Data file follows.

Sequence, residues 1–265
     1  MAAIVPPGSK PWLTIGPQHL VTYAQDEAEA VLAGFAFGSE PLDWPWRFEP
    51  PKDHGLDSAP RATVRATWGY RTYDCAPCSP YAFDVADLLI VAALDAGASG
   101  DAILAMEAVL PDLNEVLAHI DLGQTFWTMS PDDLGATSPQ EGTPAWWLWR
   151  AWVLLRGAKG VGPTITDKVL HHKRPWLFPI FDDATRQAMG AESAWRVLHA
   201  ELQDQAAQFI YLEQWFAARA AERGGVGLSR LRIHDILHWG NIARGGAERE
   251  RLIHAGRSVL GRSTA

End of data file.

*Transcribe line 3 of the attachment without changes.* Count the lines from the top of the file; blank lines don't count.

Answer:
    51  PKDHGLDSAP RATVRATWGY RTYDCAPCSP YAFDVADLLI VAALDAGASG